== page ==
At the heart of the Province of Ontario is the City of Toronto. Toronto is the provincial capital and is in many ways the economic engine for the entire country. It is the financial centre of Canada, the 3rd largest financial centre in North America, employing 205,000 in the financial sector.Toronto is headquarters for 6 of Canada’s top insurers that manage over 90 percent of the industry’s assets and home to Canada’s 5 largest banks, 50 foreign bank subsidiaries and branches, and 112 securities firms. It is the nation’s largest employment centre, with one-sixth of Canada’s jobs, and strong employment in both manufacturing and service industries. The City of Toronto website has an abundance of resource material on all aspects of the city (Click here to go to the official City of Toronto website).
Who Is My Neighbour?
Toronto is located in the most diverse region of Canada. Changes in the immigration policy in recent decades have attracted a great number of people from all over the world and the greatest concentration of these recent waves of immigration has been in Ontario and in particular in the city of Toronto. To put this in perspective, according to Statistics Canada, by year 2017 or sooner, the ethnic minority will become the majority in the Greater Toronto Area (Learn more about the Greater Toronto Area).Toronto is the largest urban centre in the country to receive immigrants. Every year, over 100,000 immigrants land in the Toronto 2006 Census counted 2,320,200 foreign-born people in Toronto and the surrounding metropolitan areas (Toronto Census Metropolitan Area). This accounts for 38% of all immigrants in Canada. Between 2001 and 2006, the foreign-born population grew by 14%, compared to 5% for the Canadian-born population. In 2006 the foreign-born population accounted for 46% of the total population, up from 44% in 2001 (Statistics Canada, 2007). In 2006, 32% of the population identified themselves as Catholic, 22% Protestant, 4% Orthodox, and 4% other Christian denominations (Statistics Canada, 2010).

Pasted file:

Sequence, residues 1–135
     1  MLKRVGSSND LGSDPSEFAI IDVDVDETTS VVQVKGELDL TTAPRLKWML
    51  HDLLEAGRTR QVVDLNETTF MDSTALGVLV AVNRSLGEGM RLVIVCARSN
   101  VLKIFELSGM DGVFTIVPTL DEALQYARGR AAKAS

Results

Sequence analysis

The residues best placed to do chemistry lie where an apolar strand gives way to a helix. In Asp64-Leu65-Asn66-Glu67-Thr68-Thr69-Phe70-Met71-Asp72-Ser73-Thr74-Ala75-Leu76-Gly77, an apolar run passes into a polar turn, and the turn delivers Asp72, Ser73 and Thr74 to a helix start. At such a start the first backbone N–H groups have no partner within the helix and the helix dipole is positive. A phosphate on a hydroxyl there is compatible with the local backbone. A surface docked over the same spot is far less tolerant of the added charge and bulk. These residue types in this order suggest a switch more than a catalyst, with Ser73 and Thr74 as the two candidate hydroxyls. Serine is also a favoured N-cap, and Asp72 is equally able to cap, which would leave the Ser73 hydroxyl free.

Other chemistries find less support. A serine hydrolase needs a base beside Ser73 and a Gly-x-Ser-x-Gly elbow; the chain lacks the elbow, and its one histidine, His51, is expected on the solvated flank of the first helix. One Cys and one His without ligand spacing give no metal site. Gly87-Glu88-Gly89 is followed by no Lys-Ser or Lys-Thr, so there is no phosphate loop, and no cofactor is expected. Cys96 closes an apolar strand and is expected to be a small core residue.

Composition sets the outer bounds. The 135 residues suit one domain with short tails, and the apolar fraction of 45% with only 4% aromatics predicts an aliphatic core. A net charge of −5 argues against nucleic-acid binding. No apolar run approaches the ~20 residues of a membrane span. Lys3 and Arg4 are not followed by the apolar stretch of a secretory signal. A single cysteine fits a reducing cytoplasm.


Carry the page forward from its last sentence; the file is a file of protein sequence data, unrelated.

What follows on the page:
Quick Facts About Toronto
- According to the 2006 Census, the Toronto Census Metropolitan Area (CMA) had approximately 5.1 million people with approximately 2.5 million of those people within the actual city of Toronto.
- Nearly 44% of the people living in the Greater Toronto Area (GTA) were born outside of Canada.
- The Golden Horseshoe (Toronto , Hamilton, Guelph , Peterborough , Barrie, Orillia , and the regions of Halton, Peel, York , Durham , Waterloo and Niagra) had a population of 8.1 million or one-quarter of Canada .
- Toronto has received 43% of the immigrants who came to Canada since 1985.
- Nearly 1 in 5 immigrants to Canada from 1996 to 2001 were Muslim raising the total Muslim population in Metropolitan Toronto to over 254,000 residents.
- Over 100 languages and dialects are spoken in Toronto proper alone , and over one third of Toronto ‘s residents speak a language other than English at home.
Toronto Wards and Local Governance
The City of Toronto is also divided up into 140 different neighbourhoods. Information about each neighbourhood can be accessed on the City of Toronto website here. Neighbourhood information can also be gleaned from various real estate websites.
For the October 22, 2018, municipal election, the City of Toronto used a 25-Ward model (seen to the right). Information regarding the Wards from the 2016 Census is also included. Toronto’s City Council is made up of 26 members — the Mayor, and one City Councillor from each ward. Click here to look up your address and view a list and profile of all members of Toronto’s City Council.
To find archived information about Toronto wards, select a ward from the 44-Ward model map below. Clicking on the numbers will take you to the City of Toronto’s ward profiles. A broad range of information (like immigration patterns, ethnocultural makeup, employment, income, families and shelter costs) can be discovered about each geographic area in Toronto.
25-Ward Model Map (2018-2022)
44-Ward Model Map (2014-2018)
External Links About Toronto
- United Way Toronto report on poverty by postal code
- Strong Neighbourhoods: A Call to Action report
- An excellent summary of the diversity of the Greater Toronto Area (GTA)
- Ward Profiles
- Toronto City Council
External Links About Immigration
External Links: Statistics Canada
- A collection of the many statistical tables and summaries from Canada ‘s most recent official census
- Stats Canada 2006 Community Profile engine
- Summary of immigrant population by country of birth for Toronto and other Ontario communities
- Download Projections of the Diversity of the Canadian Population